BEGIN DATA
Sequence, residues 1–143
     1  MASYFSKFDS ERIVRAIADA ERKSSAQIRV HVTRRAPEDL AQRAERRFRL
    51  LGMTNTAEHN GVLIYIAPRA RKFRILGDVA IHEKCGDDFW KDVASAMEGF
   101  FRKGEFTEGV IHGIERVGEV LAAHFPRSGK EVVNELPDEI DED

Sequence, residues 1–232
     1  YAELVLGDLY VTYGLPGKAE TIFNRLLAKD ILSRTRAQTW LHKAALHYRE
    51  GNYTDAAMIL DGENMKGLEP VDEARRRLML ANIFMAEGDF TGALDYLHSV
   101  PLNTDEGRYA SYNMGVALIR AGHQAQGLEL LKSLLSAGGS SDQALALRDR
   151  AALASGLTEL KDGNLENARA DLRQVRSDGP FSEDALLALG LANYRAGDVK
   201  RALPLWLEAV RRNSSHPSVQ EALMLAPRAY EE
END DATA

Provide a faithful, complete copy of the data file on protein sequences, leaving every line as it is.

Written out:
Sequence, residues 1–143
     1  MASYFSKFDS ERIVRAIADA ERKSSAQIRV HVTRRAPEDL AQRAERRFRL
    51  LGMTNTAEHN GVLIYIAPRA RKFRILGDVA IHEKCGDDFW KDVASAMEGF
   101  FRKGEFTEGV IHGIERVGEV LAAHFPRSGK EVVNELPDEI DED

Sequence, residues 1–232
     1  YAELVLGDLY VTYGLPGKAE TIFNRLLAKD ILSRTRAQTW LHKAALHYRE
    51  GNYTDAAMIL DGENMKGLEP VDEARRRLML ANIFMAEGDF TGALDYLHSV
   101  PLNTDEGRYA SYNMGVALIR AGHQAQGLEL LKSLLSAGGS SDQALALRDR
   151  AALASGLTEL KDGNLENARA DLRQVRSDGP FSEDALLALG LANYRAGDVK
   201  RALPLWLEAV RRNSSHPSVQ EALMLAPRAY EE